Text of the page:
How to spot fake golf equipment

TaylorMade's tips reveal the questions you should ask before you buy. Tell us your experiences

Bob Warters's picture
Fri, 22 Mar 2013

The growth of golf around the world, internet auction sites and the influence of China on the golf industry has prompted TaylorMade this week to issue a list of tips to ensure its customers that the clubs they buy are authentic.

The Basingstoke-based manufacturer says that despite the industry's efforts, sales of counterfeit and knock-off golf products continue and it is determined to stop golfers being taken for a ride.

Callaway, Cleveland, Nike and Acushnet (parent company of the Titleist, Cobra and FootJoy brands) are among the companies who have suffered from the boom in fake clubs and although it's reckoned that 60 per-cent of the world's genuine golf clubs are made in China, millions of poor quality copies also originate from there.

Here's a checklist of questions TaylorMade recommends its potential customers ask themselves. The same applies to almost any major brand:

I am looking at a set of clubs on eBay. How can I tell if they are authentic? Does the deal sound too good to be true? If it does, it probably is.

Are multiple clubs being sold together in one auction?

Merchandise sold through auctions featuring 14 clubs and a bag often turns out to be counterfeit product. Also, metalwoods sold in groups, such as a driver together with fairway woods, often turn out to be counterfeit. Look at where the goods are coming from. If the goods are being shipped from outside of the UK – and particularly if the goods are being shipped from China or Hong Kong - there's an increased chance they are counterfeit.

Club heads sold as separate components have an exceptionally high incidence of turning out to be counterfeit. Authorized major brand dealers do not sell club heads by themselves on eBay.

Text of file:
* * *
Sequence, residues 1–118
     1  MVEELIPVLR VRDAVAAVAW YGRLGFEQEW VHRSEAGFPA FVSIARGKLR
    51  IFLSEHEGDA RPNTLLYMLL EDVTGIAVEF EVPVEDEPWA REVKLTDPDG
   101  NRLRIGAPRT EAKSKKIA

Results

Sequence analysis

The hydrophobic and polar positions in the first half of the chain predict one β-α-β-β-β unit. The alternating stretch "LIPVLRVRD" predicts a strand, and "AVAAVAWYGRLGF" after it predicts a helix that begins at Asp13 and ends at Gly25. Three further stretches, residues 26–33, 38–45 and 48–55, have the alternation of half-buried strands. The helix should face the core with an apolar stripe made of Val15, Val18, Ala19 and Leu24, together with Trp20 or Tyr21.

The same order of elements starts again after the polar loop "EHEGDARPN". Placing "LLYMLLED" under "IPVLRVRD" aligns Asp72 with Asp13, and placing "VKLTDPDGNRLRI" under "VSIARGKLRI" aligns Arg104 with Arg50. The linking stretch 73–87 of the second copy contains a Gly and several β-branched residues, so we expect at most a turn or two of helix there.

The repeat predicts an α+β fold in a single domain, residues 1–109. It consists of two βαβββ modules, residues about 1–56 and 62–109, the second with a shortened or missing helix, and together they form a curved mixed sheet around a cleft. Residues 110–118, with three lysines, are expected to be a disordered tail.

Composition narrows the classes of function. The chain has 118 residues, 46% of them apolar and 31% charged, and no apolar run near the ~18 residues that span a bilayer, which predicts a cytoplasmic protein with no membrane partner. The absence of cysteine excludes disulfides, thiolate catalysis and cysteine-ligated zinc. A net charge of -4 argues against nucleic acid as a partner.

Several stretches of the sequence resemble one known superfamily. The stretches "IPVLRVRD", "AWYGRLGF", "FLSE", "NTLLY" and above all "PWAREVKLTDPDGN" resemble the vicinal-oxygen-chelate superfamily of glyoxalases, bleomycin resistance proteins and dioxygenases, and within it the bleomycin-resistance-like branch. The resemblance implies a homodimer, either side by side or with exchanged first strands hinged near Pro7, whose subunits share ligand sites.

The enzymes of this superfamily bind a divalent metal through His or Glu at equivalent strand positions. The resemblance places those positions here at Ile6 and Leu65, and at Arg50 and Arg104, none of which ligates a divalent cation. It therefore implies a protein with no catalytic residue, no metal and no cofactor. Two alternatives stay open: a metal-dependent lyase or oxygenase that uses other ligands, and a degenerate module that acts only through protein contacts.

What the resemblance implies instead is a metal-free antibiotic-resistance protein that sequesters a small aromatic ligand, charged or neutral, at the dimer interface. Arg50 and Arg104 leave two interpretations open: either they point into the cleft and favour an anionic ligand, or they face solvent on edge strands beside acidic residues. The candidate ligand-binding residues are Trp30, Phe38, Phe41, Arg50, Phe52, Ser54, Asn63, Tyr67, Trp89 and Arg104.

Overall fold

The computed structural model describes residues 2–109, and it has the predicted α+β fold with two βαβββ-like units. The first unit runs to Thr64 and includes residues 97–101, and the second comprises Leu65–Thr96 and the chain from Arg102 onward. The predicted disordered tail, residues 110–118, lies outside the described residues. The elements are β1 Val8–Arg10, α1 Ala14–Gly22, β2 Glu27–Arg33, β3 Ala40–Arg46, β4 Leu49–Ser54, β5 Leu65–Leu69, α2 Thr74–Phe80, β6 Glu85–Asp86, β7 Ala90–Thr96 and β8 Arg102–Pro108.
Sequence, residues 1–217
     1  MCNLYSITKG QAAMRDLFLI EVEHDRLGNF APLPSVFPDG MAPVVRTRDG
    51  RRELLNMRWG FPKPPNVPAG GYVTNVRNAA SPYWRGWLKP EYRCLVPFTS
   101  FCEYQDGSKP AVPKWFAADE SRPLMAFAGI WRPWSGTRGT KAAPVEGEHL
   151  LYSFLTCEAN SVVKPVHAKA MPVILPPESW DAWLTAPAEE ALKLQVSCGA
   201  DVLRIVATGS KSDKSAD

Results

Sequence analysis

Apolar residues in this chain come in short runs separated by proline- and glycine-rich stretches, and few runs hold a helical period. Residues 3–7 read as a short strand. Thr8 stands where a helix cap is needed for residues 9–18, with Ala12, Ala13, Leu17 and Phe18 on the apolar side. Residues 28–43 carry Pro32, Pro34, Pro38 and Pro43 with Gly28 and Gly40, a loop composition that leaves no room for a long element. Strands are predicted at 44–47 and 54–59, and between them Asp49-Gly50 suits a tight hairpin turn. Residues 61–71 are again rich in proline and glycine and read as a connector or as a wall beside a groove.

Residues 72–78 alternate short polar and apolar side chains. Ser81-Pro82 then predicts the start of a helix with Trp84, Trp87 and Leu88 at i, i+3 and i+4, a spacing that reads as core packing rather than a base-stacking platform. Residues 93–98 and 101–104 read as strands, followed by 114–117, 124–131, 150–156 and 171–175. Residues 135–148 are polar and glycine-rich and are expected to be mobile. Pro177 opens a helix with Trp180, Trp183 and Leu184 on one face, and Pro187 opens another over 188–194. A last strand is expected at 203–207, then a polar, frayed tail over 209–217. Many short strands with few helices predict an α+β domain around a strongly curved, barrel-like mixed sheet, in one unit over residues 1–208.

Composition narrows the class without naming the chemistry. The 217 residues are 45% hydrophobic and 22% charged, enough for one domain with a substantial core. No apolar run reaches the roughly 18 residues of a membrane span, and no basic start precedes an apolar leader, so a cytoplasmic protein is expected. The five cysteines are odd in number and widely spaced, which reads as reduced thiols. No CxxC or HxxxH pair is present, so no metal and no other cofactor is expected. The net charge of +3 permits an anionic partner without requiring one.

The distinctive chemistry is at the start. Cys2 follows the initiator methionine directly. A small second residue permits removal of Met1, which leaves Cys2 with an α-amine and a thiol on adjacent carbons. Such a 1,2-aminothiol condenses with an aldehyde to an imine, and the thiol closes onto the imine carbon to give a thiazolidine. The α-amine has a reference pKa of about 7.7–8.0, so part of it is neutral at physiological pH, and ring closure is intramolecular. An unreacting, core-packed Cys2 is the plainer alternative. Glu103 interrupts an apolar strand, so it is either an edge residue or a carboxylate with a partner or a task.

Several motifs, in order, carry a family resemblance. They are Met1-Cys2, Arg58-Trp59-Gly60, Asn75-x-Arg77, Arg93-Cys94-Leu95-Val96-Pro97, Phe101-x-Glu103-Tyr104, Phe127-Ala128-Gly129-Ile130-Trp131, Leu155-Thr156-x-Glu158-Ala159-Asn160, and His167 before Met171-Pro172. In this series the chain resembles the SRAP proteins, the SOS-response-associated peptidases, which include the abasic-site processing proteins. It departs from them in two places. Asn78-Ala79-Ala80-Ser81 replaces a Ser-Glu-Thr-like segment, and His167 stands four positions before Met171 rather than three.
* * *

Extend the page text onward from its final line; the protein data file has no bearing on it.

It may still be difficult to determine whether the goods the seller will send you are authentic. Sellers of counterfeit goods have resorted to tactics such as lying about the location of the goods and depicting pictures of authentic product while shipping goods that are counterfeit.

How can I tell if the clubs I just purchased are authentic?

You can compare your club against pictures posted on or any of the major brands. If you notice differences in colour, shape, markings or finish quality, you probably bought a fake.

You may also consider taking your club to your local authorised dealer to be inspected but even passing a visual inspection doesn't guarantee that the club is authentic.

I bid on what I thought were authentic clubs on eBay. I received them, and they appear to be fake. What should I do next?

Your best recourse will be against the seller. You should contact him or her immediately. You should also notify eBay of the situation, referring to eBay’s policies and guidelines.

If you paid via PayPal, you should contact PayPal to inquire about whether they may be able to help you get your money back. PayPal’s policies and guidelines will also be clearly identified. You may also consider contacting the police.

TaylorMade does not compensate purchasers of counterfeit product in any way though you can help others avoid the same trap by reporting the seller to TaylorMade (or the appropriate leading brand counterfeited) and they will add the seller ID to its list of suspected counterfeit sellers.

In March, a dealer of bogus Titleist balls in Shanghai was sentenced to prison, the first conviction of a golf ball counterfeiter. And Chinese authorities co-operating with the US Golf Manufacturers Anti-Counterfeiting Working Group, raided four factories and three warehouses in Guangdong Province, seizing more than 16,000 counterfeit clubs, bags and other equipment worth $3 million, along with the molds and equipment used to make them.

Manufacturers of leading brands always recommend: "Only buy from authorised dealers a list of whom can be found on their appropriate websites under 'retail locator'.

Bet your life someone, somewhere has already created a counterfeit square-headed driver promised by Callaway and Nike in the New Year.

Click on our images below to see some high-res images of various fake golf clubs. Don't get caught out!

Tell us on the forum if you've been duped by fake clubs or even that you've purchased counterfeits or clones and found them playable.